“Optos claimed to have resolved this problem with this instrument, so we put it to the test,” he continues. “We did a project that we published in Ophthalmology a few months ago,1 in which we used patients who had been implanted with the retinal chip prosthesis—an electronic implant that’s put on the retina in blind patients with retinal degenerations to help them see. We chose these patients because that chip is of a known size, making it possible to use it as a ruler inside the eye.

Optos’s California ultra-wide-field scanner (above, left) can perform indocyanine green angiography out to the retinal periphery with almost no peripheral distortion (above, right). (Image courtesy Optos.)
“We took pictures of these eyes using the Optos systems; then we used the new software available on the California to compute the measurements,” he continues. “We compared them with the known measurements, and they were accurate within 1 percent. It’s the first time any fundus camera system has been validated in this way, in terms of the measurements it produces. I think this technology will make a big difference in how we do trials going forward.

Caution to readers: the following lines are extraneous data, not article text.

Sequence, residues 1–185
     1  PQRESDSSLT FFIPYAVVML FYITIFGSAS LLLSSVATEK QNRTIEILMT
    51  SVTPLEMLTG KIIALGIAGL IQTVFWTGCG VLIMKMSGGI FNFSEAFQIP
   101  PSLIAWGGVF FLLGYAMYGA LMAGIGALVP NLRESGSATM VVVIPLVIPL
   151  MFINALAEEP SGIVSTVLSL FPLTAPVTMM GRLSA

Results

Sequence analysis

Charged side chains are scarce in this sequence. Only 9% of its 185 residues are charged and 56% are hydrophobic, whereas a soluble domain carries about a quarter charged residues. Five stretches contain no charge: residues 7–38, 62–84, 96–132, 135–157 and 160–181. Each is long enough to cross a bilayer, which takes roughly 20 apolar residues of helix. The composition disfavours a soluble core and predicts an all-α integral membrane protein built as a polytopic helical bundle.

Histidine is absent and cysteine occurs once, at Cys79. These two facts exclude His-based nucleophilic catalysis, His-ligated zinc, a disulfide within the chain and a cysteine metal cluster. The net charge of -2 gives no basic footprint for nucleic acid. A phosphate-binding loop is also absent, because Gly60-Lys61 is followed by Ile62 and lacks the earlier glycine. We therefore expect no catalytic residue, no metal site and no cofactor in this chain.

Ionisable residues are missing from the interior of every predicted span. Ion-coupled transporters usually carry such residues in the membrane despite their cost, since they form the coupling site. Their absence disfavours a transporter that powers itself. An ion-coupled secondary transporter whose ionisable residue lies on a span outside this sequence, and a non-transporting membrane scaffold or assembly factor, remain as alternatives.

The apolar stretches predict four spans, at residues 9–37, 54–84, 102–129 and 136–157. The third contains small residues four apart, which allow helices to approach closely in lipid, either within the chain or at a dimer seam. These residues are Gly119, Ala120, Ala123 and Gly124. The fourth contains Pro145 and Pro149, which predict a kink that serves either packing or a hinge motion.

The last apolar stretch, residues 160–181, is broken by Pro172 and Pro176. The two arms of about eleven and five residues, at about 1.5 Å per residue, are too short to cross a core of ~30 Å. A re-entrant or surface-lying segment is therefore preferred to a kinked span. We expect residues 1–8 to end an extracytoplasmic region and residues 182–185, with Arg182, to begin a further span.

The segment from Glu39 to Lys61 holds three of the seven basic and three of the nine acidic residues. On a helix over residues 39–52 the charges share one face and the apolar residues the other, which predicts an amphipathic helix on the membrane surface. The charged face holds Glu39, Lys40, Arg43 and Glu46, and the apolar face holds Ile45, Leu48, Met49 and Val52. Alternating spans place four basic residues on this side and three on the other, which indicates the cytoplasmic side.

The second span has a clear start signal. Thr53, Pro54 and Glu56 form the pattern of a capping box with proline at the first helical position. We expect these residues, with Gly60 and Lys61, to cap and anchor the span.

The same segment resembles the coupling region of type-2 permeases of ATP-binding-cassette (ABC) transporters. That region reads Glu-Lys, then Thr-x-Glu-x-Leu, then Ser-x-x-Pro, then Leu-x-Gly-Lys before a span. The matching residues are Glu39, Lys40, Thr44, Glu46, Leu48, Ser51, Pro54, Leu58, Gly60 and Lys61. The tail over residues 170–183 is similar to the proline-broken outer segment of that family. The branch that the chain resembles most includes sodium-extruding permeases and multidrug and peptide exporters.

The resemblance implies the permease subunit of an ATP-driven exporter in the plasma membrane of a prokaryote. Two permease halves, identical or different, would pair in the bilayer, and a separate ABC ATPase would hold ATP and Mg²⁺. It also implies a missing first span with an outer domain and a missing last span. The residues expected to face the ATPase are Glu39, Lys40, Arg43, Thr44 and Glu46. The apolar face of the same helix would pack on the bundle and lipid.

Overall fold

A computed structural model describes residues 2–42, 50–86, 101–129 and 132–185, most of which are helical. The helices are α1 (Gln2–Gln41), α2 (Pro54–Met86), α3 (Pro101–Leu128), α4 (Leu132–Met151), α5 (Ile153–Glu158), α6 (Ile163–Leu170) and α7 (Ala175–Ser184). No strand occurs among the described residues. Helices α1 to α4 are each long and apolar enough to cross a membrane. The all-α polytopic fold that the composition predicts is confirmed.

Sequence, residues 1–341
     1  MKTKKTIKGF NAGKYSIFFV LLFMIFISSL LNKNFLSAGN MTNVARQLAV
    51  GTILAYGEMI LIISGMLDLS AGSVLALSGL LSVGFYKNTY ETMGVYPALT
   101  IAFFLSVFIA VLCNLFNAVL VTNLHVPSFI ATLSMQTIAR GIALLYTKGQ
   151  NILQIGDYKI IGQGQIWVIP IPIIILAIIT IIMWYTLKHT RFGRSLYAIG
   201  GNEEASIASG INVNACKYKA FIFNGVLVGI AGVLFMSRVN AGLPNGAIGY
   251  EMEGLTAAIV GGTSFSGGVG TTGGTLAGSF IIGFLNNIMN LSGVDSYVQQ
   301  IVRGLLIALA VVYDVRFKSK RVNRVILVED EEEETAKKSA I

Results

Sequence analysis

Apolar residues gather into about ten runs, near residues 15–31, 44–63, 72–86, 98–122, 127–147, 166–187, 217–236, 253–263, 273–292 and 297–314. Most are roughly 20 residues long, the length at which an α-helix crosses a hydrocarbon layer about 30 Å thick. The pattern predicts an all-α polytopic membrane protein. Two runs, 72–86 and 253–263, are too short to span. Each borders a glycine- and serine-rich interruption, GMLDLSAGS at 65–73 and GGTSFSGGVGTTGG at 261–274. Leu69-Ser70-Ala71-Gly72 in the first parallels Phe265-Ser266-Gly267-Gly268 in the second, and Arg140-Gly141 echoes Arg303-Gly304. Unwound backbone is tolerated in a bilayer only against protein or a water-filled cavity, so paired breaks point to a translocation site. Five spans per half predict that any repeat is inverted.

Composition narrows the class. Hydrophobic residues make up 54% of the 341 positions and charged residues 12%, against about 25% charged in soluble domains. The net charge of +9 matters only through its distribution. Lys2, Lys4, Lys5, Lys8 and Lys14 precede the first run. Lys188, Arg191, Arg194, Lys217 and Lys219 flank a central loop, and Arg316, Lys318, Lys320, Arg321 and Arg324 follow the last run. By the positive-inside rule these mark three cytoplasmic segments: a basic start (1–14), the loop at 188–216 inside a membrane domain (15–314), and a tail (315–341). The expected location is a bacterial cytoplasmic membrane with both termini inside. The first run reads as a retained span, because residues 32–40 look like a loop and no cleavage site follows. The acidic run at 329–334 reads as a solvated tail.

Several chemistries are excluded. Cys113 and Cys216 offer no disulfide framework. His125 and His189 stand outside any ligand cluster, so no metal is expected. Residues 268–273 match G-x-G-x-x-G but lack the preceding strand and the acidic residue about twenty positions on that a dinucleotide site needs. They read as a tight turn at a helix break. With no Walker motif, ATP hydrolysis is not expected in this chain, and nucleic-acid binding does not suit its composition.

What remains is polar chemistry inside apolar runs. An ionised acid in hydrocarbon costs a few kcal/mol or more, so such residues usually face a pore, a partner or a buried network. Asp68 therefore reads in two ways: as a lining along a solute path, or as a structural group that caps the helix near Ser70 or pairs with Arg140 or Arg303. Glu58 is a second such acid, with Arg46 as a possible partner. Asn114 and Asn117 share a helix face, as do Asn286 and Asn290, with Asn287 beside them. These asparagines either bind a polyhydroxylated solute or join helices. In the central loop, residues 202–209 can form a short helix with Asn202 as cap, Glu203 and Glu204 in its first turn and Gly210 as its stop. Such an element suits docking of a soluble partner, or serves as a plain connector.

“The California instrument also addresses another common problem with wide-field images: It’s harder to see the details in the superior and inferior aspects of the image,” he says. “The image kind of fades away a bit. In the past we’d compensate for this by having the patient look up or down and take another image. Now we don’t often do that, because the California device optimizes and maintains the resolution out to the periphery, especially superiorly and inferiorly.”

Dr. Sadda also likes that the California makes it easy to correlate findings between the different modalities it offers. “We’ve had a few patients in whom we’ve done a fluorescein angiogram and ICG simultaneously,” he explains. “The instrument doesn’t do them at exactly the same time; it alternates the flashes to get them. But they’re so close in time that it makes it easier to correlate findings between the two modalities.”  REVIEW

Dr. Sadda has served as an advisor and consultant to Optos, as well as other imaging companies. His reading center has received research support to support the analysis of images collected in trials and other projects related to retinal imaging. Prof. Lanzetta has no financial interest in any technology cited in this article.

1. Sagong M, van Hemert J, Olmos de Koo LC, Barnett C, Sadda SR. Assessment of accuracy and precision of quantification of ultra-widefield images. Ophthalmology 2015;122:4:864-6.
doi: 10.1016/j.ophtha.2014.11.016. Epub 2015 Jan 8.